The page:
Visual art and comics art collide at Grumpy Old Man's Comics, Art, and Collectibles

Alan LaMont, the owner of Ballard's The Grumpy Old Man's Comics, Art, and Collectibles doesn't come across as a grumpy old man. He's downright chipper, in fact, and he's got the youthful vigor and charm of someone who's finally living a life he's been dreaming about for decades.

After years "working in corporate America" in Rochester New York and dreaming of the Pacific Northwest, LaMont finally moved to Seattle on Labor Day of 2017. He brought his enormous, high-quality comics collection - about 200 boxes - along with him, and he set about fulfilling another longtime dream: opening a comic shop/art gallery. LaMont has some experience working in a gallery, and he's attended comics conventions his whole life, but he'd never owned a space before. "I didn't want to work for a company anymore," LaMont says, "so I thought I'd combine the two things that I love." The store officially opened on the day after Thanksgiving.

LaMont is an artist. He paints as a hobby, but he has primarily worked in linocut art since he was 12. (A whole wall at Grumpy Old Man's Comics displays his work for sale.) He likes the way linocut changes his thought process: in order to create good prints "you have to think mirrored and positive-to-negative." It took him a long time to get into the mindset of a linocut artist, but now "I have a clear thought process."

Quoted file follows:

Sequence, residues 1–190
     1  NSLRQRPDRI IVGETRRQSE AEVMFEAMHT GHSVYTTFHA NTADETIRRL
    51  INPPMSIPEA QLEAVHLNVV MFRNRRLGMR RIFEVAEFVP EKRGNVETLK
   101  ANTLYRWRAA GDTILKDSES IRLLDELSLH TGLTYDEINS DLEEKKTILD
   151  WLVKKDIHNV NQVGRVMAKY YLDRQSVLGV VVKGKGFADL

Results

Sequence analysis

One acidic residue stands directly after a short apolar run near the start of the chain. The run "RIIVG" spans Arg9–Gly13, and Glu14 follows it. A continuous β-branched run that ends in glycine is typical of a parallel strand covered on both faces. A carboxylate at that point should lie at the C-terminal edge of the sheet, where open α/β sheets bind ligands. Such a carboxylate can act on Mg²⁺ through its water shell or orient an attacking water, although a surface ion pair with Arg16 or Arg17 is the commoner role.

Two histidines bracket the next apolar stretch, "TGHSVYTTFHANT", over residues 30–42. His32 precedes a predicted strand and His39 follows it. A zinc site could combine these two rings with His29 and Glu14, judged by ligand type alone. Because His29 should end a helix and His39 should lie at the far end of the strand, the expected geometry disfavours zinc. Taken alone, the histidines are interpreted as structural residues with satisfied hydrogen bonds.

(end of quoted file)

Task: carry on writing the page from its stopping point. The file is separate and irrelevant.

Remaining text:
That explains the gallery part, but why a comic book store? "I learned how to read on comics," LaMont explains. His grandmother was a teacher, and when she noticed his love of superhero cartoons, she bought him a batch of comics and helped him work through them. "She had me reading at four years of age," LaMont says. He's been reading comics ever since.

Grumpy Old Man's Comics is located right off Market Street. The shop is split into three distinct rooms. When you walk in, you're standing in the middle of the room with new and recent comics. To your left is a room of classic and collectible comics, ranging all the way back to the 1960s. And to the right is the gallery, with affordable prints and a rotating display of artists. The shop is an eager participant in both Ballard Art Walk, on the second Saturday of the month, and Ballard Night Out every third Thursday.

LaMont is thrilled with the response the comics side of the business has seen since he opened. When he started the shop, LaMont says, "I was thinking that probably the artwork side of it would be the easier sell of the two, and that it would take a while to get my comic book business built up. It's proven to be the opposite," he says. "The comics are already on the verge of carrying the business."

Grumpy Old Man's offers discounts of up to 30 percent for subscribers, and LaMont is developing a regular clientele. Some of the new subscribers are likely orphans of Seattle comics-shop attrition: Ballard hasn't had a comics shop since Arcane Comics moved to Shoreline a couple years ago, and downtown's Zanadu Comics closed last month.

LaMont wants curious Seattleites to know that Grumpy Old Man's is "a rather eclectic mix of things, not a typical comics store and not a typical art gallery." To draw in more new customers, the store is having a sizable back issue sale on Saturday, March 31st from 10 am to 6 pm. There's something for everyone in the shop: LaMont is creating a space where different styles of art - disparate styles that fifty years ago would have been dismissed as "low" and lauded as "high" - can live under the same roof.